People who live an active lifestyle are often searching for an alternative to contact lenses. Contacts offer many benefits over glasses, but have many shortcomings of their own. They can cause discomfort, fall out, rip and many wearers experience contact lens intolerance. Unfortunately, those are just a few of the issues encountered by contact lens wearers.
The History of Contacts
Impressively, the famous Italian inventor Leonardo da Vinci illustrated the concept of contact lenses all the way back in 1508. He suggested that placing water directly in contact with the cornea could alter a person’s vision. It wasn’t for another 370 years, in the year 1887 that the first practical contact lens was designed out of glass and fitted to cover the entire eye. Eventually they would start making contacts out of hard plastic, then a soft hydrogel plastic and in the early 2000s contacts started being made from silicone. All of these advancements have made contact lenses more comfortable for the daily wearer, but they’re still far from perfect.
The Problem with Contact Lenses
There’s a whole list of problems with wearing contact lenses. For starters, they’re expensive; the lenses and solution add up over the course of a year. You likely have a story of a time a lens fell out and you couldn’t find it, leaving you in a precarious situation. How many times have you been out of town or on vacation to regrettably find out you’ve forgotten your solution or contact lens case? You go swimming and have to keep your head above water or you just take your chances with blurry vision. The list goes on.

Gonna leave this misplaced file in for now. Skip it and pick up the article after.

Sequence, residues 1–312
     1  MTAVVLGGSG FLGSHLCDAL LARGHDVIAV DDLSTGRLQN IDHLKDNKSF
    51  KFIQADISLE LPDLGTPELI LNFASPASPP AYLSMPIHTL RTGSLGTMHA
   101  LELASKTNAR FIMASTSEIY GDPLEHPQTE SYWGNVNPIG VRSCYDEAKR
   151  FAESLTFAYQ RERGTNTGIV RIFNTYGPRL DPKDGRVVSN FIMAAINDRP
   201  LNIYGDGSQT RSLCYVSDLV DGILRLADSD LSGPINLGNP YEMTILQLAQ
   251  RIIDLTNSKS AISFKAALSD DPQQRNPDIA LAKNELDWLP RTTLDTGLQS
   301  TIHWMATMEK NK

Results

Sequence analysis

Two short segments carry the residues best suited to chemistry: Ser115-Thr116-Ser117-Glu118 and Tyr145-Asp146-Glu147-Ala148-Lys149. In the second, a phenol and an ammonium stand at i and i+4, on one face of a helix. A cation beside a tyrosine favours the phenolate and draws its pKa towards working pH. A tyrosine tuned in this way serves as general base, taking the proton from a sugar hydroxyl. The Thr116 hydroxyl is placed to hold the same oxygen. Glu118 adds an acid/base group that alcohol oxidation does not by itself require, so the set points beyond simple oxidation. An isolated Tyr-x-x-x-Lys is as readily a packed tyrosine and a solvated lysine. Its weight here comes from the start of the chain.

The biggest pitfall for contacts is the fact that you have to take them out. Even with new “breathable” silicone and rigid gas-permeable materials, wearing contacts prevents oxygen from reaching your eyes, which can lead to a host of infections and complications like contact lens intolerance. Because of this, it’s usually recommended that contacts be removed before bed and reinserted in the morning; a daily ritual all too familiar with much of the blurry-eyed public.
It Gets Worse with Contact Lens Intolerance
Wearing contact lenses too long or not following the proper care instructions is one of the ways you could get contact lens intolerance. This condition is a catch-all term for people who are no longer able to apply a lens to their eyes without pain. Many people who have common refractive errors such as nearsightedness, farsightedness or astigmatism, and wear contacts, have experienced some form of contact lens intolerance.
It’s not uncommon for some people to no longer be able to wear contact lenses at all because of contact lens intolerance. This forces them to go back to wearing glasses, which for many is a huge annoyance. Fortunately there’s a solution.
The Solution to your Contact Lens Woes
For active individuals, glasses present some obvious limitations. As listed above, contact lenses also have their fair share of inconveniences and drawbacks. That’s why thousands of Canadians are choosing to undergo laser vision correction at LASIK MD every year!
Procedures like LASIK and PRK are a great alternative for people who are tired of wearing glasses and contacts. The procedures work by using a precise laser to reshape the eye’s cornea, correcting the refractive error. It takes 10 minutes, it’s painless and has been proven to be safer than the long-term use of contact lenses.
If you’re looking for an alternative to contacts then it’s worth taking a visit to your closest LASIK MD clinic for a free consultation.
Do you have a question about LASIK? Ask one of our experts!
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